A lack of awareness or understanding can sometimes result in officials making poor comments and policy decisions. In late august the mayor of South Bruch Peninsula resigned after a recording emerged online of him making comments about an Indigenous community.
Former mayor Garry Michi questioned the decision to invest in building a new water treatment plant for the Chippewas of the Nawash First Nation. After the comments emerged, Nawash First Nation released a statement saying they were “deeply offended” by Michi’s comments. The First Nation added that his comments showed “an utter disregard and lack of respect to our people and all First Nations who have been deprived of basic human rights, including the most basic need of access to clean drinking water.”
The Chippewas of the Nawash First Nation has been under a boil-water advisory since January 2019. Work is underway on a new plant that will provide clean drinking water for 264 homes in the First Nation.
The federal government of Justin Trudeau promised to work to lift all water advisories when it was first elected in 2015. According to Indigenous Services Canada, 143 long-term drinking water advisories have been lifted since November 2015. As of August 2023, 28 still remain in place in 26 communities. One of those is the longest-running boil water advisory in Canada.
Neskantaga First Nation is an Ojibwe community located 436 kilometers northeast of Thunder Bay, Ont. The community has been under a boil water advisory since 1995.
Disproportionate Effects of Climate Change
In particular, climate change is impacting Indigenous communities. This summer’s wildfire season was one of the worst in recorded history.
“We’ve been seeing impacts of climate change in B.C.’s forests for more than 20 years,” said Colin Mahony, research climatologist, B.C.’s Forests Ministry. “In the last seven years we’ve had four absolutely huge fire years. The 2023 fire season is now approaching double the burned area of what we thought was the extreme fire year of 2017.”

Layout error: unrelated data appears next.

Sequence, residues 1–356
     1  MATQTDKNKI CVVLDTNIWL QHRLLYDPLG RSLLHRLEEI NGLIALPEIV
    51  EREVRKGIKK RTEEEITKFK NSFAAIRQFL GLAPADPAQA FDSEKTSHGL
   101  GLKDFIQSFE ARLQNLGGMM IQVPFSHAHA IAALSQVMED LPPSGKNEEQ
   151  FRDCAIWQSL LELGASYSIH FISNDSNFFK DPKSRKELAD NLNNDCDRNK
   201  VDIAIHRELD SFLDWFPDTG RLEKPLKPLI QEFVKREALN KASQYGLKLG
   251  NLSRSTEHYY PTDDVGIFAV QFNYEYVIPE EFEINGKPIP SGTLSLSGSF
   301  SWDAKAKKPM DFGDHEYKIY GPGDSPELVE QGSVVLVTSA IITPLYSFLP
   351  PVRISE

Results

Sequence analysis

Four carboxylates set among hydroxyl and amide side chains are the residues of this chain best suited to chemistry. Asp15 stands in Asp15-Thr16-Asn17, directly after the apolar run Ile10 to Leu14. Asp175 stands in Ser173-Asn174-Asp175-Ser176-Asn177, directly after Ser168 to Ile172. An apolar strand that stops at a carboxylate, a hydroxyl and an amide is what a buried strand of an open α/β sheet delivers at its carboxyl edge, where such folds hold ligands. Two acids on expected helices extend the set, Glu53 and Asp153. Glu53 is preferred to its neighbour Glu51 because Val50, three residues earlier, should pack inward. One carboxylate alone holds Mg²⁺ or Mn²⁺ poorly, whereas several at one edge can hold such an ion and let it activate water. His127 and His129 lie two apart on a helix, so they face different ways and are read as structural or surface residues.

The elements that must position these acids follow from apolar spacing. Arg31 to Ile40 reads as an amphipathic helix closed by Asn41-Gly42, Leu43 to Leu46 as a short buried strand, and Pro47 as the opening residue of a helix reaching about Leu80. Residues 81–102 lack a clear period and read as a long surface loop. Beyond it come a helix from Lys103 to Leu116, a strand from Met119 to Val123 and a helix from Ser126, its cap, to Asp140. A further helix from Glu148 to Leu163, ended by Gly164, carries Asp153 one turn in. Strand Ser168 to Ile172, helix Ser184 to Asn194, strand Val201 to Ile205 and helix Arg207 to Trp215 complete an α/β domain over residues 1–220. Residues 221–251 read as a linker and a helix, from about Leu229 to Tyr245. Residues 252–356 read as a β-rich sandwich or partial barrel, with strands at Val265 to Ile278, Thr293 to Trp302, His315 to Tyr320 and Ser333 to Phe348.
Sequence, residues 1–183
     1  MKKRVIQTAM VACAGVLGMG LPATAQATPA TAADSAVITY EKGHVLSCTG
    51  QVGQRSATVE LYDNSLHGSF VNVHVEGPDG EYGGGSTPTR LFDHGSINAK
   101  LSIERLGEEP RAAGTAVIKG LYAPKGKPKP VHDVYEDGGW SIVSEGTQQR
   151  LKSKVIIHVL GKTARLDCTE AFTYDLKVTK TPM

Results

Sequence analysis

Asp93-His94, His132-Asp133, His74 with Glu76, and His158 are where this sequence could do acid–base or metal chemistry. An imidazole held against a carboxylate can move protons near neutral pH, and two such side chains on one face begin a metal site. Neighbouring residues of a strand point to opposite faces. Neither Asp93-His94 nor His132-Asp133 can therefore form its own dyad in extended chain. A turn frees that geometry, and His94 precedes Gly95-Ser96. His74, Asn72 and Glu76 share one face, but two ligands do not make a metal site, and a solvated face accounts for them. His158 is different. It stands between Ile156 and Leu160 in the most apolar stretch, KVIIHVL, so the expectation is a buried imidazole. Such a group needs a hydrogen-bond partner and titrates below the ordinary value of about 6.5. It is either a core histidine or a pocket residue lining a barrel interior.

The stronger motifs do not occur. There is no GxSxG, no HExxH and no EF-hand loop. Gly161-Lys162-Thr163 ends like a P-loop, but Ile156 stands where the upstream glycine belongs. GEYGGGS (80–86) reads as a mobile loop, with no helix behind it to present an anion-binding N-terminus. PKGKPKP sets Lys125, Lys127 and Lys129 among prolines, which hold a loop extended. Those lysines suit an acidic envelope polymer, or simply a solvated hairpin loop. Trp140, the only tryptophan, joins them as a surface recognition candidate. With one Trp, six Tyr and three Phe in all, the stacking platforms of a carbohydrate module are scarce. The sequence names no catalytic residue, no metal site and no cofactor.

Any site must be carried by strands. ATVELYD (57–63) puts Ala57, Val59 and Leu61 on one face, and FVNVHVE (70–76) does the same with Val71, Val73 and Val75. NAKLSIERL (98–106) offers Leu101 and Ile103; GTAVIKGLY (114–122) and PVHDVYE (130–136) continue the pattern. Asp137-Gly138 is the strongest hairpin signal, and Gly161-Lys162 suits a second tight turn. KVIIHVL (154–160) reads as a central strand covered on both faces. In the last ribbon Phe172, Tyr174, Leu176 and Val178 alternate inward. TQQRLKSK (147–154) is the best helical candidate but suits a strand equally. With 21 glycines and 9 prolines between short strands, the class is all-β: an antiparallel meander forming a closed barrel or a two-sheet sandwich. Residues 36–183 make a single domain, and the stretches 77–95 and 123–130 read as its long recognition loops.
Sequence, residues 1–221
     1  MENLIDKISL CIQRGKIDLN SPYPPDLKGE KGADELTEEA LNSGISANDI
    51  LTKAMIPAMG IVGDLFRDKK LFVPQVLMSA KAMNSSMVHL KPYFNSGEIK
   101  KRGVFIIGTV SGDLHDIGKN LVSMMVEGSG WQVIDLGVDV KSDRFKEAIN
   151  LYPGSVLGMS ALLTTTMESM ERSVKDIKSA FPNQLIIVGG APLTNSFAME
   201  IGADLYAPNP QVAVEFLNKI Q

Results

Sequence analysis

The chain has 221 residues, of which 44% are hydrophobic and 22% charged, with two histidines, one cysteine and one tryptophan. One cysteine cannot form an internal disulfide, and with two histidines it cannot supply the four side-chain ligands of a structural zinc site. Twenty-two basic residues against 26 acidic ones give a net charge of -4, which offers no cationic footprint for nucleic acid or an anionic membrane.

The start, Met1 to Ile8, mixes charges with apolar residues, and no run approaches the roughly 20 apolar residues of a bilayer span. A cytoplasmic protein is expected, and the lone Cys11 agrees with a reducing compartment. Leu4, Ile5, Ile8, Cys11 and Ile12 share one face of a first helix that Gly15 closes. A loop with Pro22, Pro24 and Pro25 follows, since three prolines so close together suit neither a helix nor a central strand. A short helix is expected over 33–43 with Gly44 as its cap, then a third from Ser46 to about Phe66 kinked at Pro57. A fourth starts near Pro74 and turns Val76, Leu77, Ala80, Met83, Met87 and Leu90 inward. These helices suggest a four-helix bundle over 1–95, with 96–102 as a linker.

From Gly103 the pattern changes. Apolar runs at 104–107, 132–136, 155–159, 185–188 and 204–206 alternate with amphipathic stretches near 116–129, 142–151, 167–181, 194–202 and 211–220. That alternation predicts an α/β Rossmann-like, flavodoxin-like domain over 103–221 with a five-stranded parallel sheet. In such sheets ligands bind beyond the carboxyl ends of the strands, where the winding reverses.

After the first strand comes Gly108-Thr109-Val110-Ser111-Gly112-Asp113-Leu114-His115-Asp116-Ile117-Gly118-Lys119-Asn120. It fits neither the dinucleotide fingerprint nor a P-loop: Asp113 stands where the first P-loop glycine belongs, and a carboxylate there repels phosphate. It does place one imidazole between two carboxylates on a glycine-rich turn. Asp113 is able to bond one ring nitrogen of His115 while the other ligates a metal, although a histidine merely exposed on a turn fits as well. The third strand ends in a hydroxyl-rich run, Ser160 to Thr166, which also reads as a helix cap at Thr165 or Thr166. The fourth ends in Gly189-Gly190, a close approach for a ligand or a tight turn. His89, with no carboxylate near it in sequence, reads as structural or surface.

Indigenous communities frequently evacuate during wildfire season. One recent analysis of the Canadian Wildland Fire Evacuation Database found that 16 communities were evacuated five or more times from 1980-2021. All but two were First Nations reserves. Over the summer, more than 100 fires affected 93 First Nations. According to Indigenous Services Canada, almost 25,000 people were evacuated.
Earlier this year, the B.C. government announced new measures to protect old growth and co-develop forest management plans with First Nations.
“This is a collaborative process where the government works with First Nations and communities to redesign how we manage our landscape,” Mahony said. “That’s a significant opportunity to change the way we do things.
“The province’s commitment to continue implementation of the Old Growth Strategic Review and to increase Forest Landscape Planning opportunities for First Nations are both vital to increasing the participation of First Nations in the forest sector as full partners,” said Lennard Joe, CEO of the First Nations Forestry Council. MW
✯ Municipal World Executive and Essentials Plus Members: You might also be interested in Roy Pogorzelski’s article: The municipal role in Truth and Reconciliation.
Ibrahim Daair is Staff Writer at Municipal World.